Here are some of the more significant labor laws that take effect on January 1, 2018:
Conviction History of Applicants (AB 1008)
A number of other states have already enacted what is popularly known as “ban-the-box” laws, which limit an employers’ ability to review and consider a job applicant’s prior criminal conviction history. The California Fair Employment and Housing Act (FEHA) has now been amended to prohibit employers with five or more workers from:
- Including on any application for employment questions that seek the disclosure of an applicant’s conviction history before making a conditional offer of employment to the applicant.
- To inquire into, or consider the conviction history of the applicant, including any inquiry about conviction history on any employment application, until after the employer has made a conditional offer of employment to the applicant.
- To consider, distribute, or disseminate certain information while conducting a conviction history background check in connection with any application for employment
Salary Inquiry Limits – Applicant’s Prior Salary History (AB 168)
AB 168 enacts Labor Code section 432.3, which prohibits California employers from asking job applicants about their salary history, including any benefits and other compensation information from previous employment.
While California employers cannot currently use an applicant’s prior salary to justify any disparity in compensation, the inclusion of section 432.3 now keeps employers asking about salary history when interviewing, or making a job offer to applicants. If an applicant voluntarily provides their salary history, then an employer can use that information for salary consideration. Section 432.3 also requires employers to provide the pay scale of a position to an applicant, which makes California the first state to do so.
New Parent Leave Act (SB 63)
The “New Parent Leave Act,” extends CFRA rights to employees working at locations with at least 20 employees within a 75 mile radius. The California Family Rights Act (“CFRA”) had already provided child bonding parental leave to employees at companies with 50 or more employees. This has now been expanded to small businesses with the recent California Senate Bill 63.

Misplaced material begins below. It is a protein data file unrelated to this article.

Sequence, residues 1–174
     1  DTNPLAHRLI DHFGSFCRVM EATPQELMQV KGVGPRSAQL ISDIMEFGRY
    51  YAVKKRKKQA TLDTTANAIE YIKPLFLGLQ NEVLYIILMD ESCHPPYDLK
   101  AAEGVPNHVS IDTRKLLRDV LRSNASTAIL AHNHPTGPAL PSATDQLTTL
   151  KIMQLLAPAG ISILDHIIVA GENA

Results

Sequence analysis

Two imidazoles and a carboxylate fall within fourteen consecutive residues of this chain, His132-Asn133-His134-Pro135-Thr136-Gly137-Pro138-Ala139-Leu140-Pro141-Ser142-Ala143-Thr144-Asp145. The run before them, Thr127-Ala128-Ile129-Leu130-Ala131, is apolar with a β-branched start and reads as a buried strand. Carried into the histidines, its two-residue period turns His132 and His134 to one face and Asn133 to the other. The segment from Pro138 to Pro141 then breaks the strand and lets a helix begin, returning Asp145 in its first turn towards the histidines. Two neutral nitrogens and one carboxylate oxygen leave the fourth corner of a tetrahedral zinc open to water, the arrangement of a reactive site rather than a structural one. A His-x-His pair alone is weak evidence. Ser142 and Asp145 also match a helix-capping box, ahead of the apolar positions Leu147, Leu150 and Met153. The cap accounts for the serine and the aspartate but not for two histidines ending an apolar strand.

Essentially the same as the California Family Rights Act, the bill establishes that an employee must have at least 12 months of service with a covered employer. The employee must have at least 1,250 hours of service during the 12-month period in order to take up to 12 weeks of paid family leave. The purpose of the leave is to allow an employee time to bond with a new child within one year of the child’s birth, adoption or foster care placement.
Immigration Worker Protection Act (AB 450)
Assembly Bill 450, “the Immigration Worker Protection Act”, prohibits employers from allowing federal immigration enforcement officials to access non-public areas of a work place without a judicial warrant. Governor Brown recently signed legislation limiting the coordination between local and state law enforcement and federal immigration officials. AB 450 was drafted to mirror this effort.
The Act also prohibits an employer from voluntarily allowing an immigration enforcement agent to access, review or obtain employee records without a court order or subpoena. The Act provides the following exceptions to this prohibition:
- Employment Eligibility Verification forms and other documents for which a Notice of Inspection has been provided to the employer.
- Instances where federal law requires employers to provide access to records.
If employees are to be subject to an agency’s inspection the Act requires employers to provide sufficient notice that must also meet specific content requirements in order to be compliant.
Harassment Training on Gender Identity, Expression & Sexual Orientation (SB 396)
The California Fair Employment and Housing Act (FEHA) prohibits the harassment of an employee directly by the employer or indirectly by agents of the employer with the employer’s knowledge. Senate Bill 396 amends Sections 12950 and 12950.1 of the Government Code, and Sections 14005 and 14012 of the Unemployment Insurance Code, relating to employment.
SB 396 requires California employers with 50 or more employees to expand their mandatory sexual harassment prevention training to include the topics of “gender identity, gender expression and sexual orientation.” This training, which is conducted biennially for supervisory and managerial employees, must include practical examples to address such harassment. Employers must also post a DFEH-approved poster for all employees to review regarding transgender rights.